Cabinet allocates 200 million for rental sector

The government wants to meet people who are in financial difficulties because their rent is relatively high relative to their income. According to sources in The Hague, the landlord levy for social housing is permanently reduced by 200 million euros. Part of that amount is intended for next year‘s rents of tenants in trouble to reduce. Another part is intended to stimulate construction. The government wants to present the plans on Prinsjesdag.

Yesterday, figures from Statistics Netherlands (CBS) showed that since July 1 of this year, tenants have been paying an average of 2.9 percent more rent than a year earlier. That’s the biggest increase since 2014. The opposition in the House of Representatives is furious about this and blames the cabinet for paying far too little attention to the situation in which many tenants find themselves.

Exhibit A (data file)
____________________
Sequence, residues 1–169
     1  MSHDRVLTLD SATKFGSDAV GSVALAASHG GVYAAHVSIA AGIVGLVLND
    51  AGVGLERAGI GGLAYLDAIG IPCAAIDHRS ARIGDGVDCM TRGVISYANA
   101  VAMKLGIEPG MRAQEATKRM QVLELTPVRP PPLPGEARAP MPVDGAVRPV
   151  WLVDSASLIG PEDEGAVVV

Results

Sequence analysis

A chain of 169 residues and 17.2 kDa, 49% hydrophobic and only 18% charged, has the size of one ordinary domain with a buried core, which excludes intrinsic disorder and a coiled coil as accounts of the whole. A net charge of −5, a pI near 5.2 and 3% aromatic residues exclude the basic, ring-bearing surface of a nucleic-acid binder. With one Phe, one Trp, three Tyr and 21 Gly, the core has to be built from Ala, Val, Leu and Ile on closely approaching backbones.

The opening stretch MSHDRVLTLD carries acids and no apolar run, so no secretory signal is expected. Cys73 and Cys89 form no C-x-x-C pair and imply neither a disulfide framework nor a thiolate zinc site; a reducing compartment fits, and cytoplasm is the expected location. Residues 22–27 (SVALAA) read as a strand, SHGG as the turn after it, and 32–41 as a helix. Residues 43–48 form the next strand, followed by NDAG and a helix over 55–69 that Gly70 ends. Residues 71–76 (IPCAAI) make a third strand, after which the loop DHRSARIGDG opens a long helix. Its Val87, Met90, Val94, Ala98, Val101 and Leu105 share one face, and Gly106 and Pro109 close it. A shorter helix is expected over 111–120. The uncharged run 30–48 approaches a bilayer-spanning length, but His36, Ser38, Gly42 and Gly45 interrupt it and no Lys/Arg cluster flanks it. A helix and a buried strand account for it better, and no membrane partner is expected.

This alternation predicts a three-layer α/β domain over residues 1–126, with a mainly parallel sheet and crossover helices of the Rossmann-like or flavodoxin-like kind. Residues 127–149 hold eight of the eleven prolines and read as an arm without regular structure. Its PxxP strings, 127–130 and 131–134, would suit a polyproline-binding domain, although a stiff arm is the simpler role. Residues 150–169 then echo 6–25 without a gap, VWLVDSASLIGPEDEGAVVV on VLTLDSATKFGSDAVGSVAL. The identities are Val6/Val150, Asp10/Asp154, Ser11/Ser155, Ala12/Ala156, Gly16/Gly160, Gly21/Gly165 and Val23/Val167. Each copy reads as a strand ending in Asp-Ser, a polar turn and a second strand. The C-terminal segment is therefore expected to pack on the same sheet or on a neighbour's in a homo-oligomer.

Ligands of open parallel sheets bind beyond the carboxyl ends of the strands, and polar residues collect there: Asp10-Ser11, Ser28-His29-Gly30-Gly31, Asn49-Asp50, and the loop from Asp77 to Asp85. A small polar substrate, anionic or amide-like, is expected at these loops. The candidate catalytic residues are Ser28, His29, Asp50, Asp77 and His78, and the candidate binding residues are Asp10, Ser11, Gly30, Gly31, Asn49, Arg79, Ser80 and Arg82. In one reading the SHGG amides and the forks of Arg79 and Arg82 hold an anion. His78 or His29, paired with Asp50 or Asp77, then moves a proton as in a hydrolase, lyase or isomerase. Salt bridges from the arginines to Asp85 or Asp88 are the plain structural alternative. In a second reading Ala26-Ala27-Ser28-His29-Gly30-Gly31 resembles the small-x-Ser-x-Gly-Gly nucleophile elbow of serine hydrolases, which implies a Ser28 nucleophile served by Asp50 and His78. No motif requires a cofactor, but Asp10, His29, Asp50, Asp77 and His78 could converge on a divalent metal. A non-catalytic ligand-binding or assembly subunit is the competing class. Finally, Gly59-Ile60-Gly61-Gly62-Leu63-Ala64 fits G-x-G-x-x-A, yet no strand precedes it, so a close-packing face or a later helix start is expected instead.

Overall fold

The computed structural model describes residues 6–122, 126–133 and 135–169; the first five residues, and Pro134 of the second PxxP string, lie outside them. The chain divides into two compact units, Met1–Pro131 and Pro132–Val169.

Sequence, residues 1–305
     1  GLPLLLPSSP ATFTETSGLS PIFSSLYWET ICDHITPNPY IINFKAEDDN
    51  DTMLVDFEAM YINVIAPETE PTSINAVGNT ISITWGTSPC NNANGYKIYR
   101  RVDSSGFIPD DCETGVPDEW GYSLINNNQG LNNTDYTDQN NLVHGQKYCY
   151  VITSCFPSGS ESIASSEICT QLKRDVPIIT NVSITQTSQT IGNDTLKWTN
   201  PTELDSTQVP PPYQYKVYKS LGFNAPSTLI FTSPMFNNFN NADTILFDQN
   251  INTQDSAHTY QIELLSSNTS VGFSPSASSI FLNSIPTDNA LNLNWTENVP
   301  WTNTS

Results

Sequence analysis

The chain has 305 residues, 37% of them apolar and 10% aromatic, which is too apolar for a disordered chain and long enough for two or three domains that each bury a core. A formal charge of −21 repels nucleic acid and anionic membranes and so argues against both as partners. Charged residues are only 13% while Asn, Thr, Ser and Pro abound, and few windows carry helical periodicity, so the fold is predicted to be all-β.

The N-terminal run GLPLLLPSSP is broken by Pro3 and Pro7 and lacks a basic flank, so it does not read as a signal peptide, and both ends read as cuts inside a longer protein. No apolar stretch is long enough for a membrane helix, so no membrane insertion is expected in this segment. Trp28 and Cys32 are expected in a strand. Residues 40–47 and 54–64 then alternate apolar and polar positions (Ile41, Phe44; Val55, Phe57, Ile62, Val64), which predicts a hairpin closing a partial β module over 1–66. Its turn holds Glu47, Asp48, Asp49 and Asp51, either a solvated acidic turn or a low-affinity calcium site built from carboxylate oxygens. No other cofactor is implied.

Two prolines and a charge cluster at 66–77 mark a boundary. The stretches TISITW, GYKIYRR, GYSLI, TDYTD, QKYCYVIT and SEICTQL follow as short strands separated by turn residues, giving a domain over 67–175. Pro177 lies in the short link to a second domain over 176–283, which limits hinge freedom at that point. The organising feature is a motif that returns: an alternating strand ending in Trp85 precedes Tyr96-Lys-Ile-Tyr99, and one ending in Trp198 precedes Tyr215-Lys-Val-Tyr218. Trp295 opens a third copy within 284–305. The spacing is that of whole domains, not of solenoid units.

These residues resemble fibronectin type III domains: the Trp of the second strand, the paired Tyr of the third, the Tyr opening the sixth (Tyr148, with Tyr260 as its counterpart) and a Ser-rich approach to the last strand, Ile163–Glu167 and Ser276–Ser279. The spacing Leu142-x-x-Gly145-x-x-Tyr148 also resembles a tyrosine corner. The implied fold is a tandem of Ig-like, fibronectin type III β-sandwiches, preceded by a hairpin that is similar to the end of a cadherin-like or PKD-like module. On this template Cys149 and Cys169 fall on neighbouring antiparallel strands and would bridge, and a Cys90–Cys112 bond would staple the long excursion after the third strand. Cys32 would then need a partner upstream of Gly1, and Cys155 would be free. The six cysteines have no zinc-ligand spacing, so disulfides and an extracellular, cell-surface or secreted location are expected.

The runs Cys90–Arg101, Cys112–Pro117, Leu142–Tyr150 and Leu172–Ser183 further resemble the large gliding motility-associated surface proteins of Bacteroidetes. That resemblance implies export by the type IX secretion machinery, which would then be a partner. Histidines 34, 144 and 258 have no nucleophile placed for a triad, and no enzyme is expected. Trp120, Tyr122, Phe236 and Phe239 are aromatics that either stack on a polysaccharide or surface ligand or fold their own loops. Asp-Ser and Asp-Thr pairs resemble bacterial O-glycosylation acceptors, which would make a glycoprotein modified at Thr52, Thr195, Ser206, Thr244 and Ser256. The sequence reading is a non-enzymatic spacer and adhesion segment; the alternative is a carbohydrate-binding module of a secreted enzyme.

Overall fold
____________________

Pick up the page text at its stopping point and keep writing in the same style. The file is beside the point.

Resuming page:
Earlier, the Upper House called on the Cabinet to freeze rents as of July 1 of this year due to the corona crisis. When Minister Ollongren rejected that, pleading for customisation for individual tenants, the Senate adopted a motion of censure.

“Drop on glowing plate

The Woonbond, which represents the interests of tenants, is moderately positive about the proposed measure. “It is a cautious step in the right direction,” says a spokesperson. “But the question is what this will mean for tenants. There must be clarity about which tenants are entitled to help. And a reduction of 200 million from an annual tax of 2 billion is a drop in the ocean.”

In today’s Question Time in the Lower House, Ollongren reiterated that there are many differences between tenants: according to her, there are people who can pay the rent, but there are also tenants who get into trouble.

Parliamentary motion rejected

She said that she has an eye for people who live in social housing and pay too high a rent in relation to their income, and that on Prinsjesdag she will come up with measures to accommodate this group. But she didn’t want to say how. “I’m unhappy to be here a week before Budget Day and have to talk a little with flour in my mouth, but it’s no different.”

A motion to freeze rents was also put to the vote in the House of Representatives today. Unlike in the Senate, that motion did not make it, despite the support of a large part of the opposition.